Gold’s power, and genius is that it holds its value. When a currency is tied to it, it prevents the government from just printing more, and encourages them to address the underlying issues. It cannot easily be inflated away. It is true that societies obsessed with it may dig up too much, and waste productivity that might go towards industry or infrastructure. But by a quirk, gold is very often found alongside industrial metals like nickel or tin, and can be mined secondarily. Because gold holds its value, it is a great measure of whether an economy is really moving forward — in terms of productivity, industry and investment — or not. Falling or stable gold prices suggest progress. Rising gold prices suggest regress. Here is the Dow Jones Industrial Average priced in gold:

Gold flashed past $1800 an ounce today. But it has not gained any value: it is America and the West that has lost it. The real question is not how high gold will go, but how low America and the dollar will.

30 thoughts on “How High Will Gold Go?

  1. I’ll give you my thoughts in full on silver in a post tomorrow.

    Essentially: the fundamentals are somewhat different, because of the industrial demand factor.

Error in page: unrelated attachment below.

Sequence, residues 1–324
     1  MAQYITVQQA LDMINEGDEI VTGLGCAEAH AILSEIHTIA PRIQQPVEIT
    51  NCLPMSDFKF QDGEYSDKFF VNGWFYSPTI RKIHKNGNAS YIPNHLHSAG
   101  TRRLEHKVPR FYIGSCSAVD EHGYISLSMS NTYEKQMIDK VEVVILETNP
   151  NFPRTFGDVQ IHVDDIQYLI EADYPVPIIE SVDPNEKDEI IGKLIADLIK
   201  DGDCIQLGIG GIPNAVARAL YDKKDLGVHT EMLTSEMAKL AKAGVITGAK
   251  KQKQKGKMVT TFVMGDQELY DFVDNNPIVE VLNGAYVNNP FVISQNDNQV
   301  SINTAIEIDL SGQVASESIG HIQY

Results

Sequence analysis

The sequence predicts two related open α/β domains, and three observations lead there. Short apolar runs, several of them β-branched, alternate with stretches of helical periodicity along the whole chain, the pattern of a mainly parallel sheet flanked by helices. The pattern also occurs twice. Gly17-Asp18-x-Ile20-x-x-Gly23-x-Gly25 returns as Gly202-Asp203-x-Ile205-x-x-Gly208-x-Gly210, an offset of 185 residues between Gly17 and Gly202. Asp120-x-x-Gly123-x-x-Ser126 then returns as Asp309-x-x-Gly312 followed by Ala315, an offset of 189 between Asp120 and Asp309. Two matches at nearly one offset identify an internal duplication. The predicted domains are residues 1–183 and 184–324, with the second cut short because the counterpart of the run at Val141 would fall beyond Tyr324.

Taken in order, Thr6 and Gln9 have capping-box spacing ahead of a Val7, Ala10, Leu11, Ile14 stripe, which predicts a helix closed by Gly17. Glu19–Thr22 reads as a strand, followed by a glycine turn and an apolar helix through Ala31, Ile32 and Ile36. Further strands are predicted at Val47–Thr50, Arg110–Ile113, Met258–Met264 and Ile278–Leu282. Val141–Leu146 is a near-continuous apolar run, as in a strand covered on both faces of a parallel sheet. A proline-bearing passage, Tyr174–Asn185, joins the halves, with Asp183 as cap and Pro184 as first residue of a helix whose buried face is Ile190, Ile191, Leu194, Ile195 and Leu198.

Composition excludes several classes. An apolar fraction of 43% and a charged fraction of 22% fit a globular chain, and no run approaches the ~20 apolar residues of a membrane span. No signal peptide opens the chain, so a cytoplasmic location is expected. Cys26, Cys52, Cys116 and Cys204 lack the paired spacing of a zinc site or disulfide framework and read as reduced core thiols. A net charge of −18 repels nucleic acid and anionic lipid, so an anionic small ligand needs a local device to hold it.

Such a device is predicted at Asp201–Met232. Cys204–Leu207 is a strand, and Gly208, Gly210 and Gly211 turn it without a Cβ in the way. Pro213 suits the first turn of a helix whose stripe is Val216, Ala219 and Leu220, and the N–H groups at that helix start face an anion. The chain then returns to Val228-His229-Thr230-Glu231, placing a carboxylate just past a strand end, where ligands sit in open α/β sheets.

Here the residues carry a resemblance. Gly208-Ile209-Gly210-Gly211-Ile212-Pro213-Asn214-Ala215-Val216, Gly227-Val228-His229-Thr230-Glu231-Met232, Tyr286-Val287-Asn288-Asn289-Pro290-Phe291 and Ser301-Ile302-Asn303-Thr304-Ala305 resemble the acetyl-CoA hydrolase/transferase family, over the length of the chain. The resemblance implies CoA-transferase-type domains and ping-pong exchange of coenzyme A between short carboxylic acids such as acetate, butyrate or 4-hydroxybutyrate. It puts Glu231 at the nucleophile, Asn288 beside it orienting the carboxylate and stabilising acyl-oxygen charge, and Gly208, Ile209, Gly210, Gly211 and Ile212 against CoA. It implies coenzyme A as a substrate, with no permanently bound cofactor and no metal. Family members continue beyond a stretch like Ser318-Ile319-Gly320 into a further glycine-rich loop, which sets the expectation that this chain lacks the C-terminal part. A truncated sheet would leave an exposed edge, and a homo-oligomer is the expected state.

Basically, silver is becoming more scarce than gold because of industrial demand. This makes silver more valuable but also less valuable because it is less suitable as money (because the supply is less stable).

    So the fundamentals are more similar to palladium and platinum, which are going up because of industrial demand and speculation, and not “moneyness.”

    I see silver over $300 an ounce on industrial demand. I would still take gold over silver, because of gold’s future as money.

  2. Azizonomics, i don’t want to sound derogatory. but this financial stuff. leave it with the experts like Marc Faber, Jim Rogers, Robert Kiyosaki, Bix Weir, Peter schiff or certain blogs to name a few.

    I am a independant reader but i definatly see you using other peoples hard work. if you quote please report your sources. it definatly debunks your own reputation in my opinion.

    • I’m just using my own thoughts. I have been reading material on gold for years, and I’ve internalized it, done my own analysis and reached my own conclusions, and made financial decisions based on my own conclusions — way back, at less than $1,000 an ounce, and less than $10 an ounce for silver. I know there are guys in the market who bought at $35, but I’m not that old.